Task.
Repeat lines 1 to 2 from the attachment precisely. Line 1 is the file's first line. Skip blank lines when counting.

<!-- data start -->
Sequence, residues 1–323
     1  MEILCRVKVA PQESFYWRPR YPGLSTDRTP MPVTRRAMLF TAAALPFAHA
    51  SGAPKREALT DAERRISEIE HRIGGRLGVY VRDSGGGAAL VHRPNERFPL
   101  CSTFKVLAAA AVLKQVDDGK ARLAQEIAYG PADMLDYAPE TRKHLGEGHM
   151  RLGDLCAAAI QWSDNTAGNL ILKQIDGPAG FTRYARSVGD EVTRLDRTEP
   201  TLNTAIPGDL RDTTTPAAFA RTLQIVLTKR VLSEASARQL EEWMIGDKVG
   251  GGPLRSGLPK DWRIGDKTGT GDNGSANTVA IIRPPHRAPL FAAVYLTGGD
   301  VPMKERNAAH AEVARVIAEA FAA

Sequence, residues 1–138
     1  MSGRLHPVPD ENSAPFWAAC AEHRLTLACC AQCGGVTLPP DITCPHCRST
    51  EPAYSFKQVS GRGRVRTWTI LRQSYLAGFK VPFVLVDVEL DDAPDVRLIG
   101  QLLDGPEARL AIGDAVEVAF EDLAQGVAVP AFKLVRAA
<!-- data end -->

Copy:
Sequence, residues 1–323
     1  MEILCRVKVA PQESFYWRPR YPGLSTDRTP MPVTRRAMLF TAAALPFAHA